Parents Say Bus Incident Shows Importance Of Therapists In Franklin County SchoolPosted — Updated
Two weeks ago, according to witnesses, a 15-year-old special-needs student stuck a girl with a hypodermic needle on a school bus. The county is pursuing the case in juvenile court. But parents fear this was not the end of the violence.
Several of the school parents have children with emotional problems who can function in classrooms but need on-the-spot counseling from time to time. But for the past three weeks in Franklin County, personal therapists have not been allowed in the schools.
The county has been working out a new plan with the area health department to control student access to counseling.
"There are parents that have called me," Yolanda Tant said. "Their children won't even go to school because their therapist is not back in."
Some educators have complained that therapists have had too much of a free hand, taking students out of class without notice.
But these parents feel left out of the changes being made.
"You can't make decisions about mental health without the parents' input," Tant said.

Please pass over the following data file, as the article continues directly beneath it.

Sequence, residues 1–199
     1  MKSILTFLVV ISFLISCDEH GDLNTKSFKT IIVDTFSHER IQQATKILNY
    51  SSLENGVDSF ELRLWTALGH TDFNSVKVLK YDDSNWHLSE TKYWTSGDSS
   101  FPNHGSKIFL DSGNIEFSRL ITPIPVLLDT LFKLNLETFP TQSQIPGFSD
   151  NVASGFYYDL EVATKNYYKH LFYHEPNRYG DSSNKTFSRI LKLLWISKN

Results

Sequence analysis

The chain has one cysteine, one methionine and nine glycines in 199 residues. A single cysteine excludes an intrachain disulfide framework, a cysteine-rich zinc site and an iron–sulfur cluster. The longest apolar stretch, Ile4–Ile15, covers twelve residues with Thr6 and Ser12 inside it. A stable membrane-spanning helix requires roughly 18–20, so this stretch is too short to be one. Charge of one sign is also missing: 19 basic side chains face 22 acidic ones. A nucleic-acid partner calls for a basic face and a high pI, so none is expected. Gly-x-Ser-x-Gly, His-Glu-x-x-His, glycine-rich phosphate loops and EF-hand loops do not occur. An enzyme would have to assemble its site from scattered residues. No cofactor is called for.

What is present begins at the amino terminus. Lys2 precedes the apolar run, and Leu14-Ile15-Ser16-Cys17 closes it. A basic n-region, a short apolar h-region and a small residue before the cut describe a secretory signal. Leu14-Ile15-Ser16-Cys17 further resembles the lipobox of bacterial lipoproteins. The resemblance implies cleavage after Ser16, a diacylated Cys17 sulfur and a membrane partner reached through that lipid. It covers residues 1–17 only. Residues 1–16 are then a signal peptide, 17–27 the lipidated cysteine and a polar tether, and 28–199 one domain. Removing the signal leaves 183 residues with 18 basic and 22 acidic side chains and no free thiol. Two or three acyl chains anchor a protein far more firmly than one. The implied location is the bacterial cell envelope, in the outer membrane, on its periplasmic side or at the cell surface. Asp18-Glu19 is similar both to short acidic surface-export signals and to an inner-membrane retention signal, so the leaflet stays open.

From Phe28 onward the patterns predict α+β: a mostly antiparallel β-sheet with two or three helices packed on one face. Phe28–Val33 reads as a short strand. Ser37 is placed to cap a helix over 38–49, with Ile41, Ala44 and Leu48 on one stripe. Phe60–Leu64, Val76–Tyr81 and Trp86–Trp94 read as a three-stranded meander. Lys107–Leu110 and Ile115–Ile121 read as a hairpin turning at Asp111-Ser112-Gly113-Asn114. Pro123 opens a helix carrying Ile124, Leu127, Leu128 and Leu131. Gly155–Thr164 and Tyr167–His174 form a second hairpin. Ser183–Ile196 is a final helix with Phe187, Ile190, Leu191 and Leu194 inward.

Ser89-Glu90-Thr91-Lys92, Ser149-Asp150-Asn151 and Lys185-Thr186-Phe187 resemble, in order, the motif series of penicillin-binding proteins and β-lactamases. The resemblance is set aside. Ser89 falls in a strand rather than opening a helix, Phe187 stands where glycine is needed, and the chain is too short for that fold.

A Franklin County Schools representative says parents were not included in discussions because the new plan would not change their role or child's service. The focus of the plan is to control procedure -- how and when therapists can work with students during school hours.
Parent Laura Burt said there is no way to predict when her son may need to call his therapist.
"But he knows if he can call her, he is fine," she said.
The school system says students with emergency needs will always be served. But the parents of those students say the problems have to be dealt with before they become emergencies.
A Franklin County Schools representative said the new mental health plan was supposed to have been signed late Wednesday. When in place, qualified therapists will be allowed on campus, but they must check in with administration and try to work around class schedules if possible.
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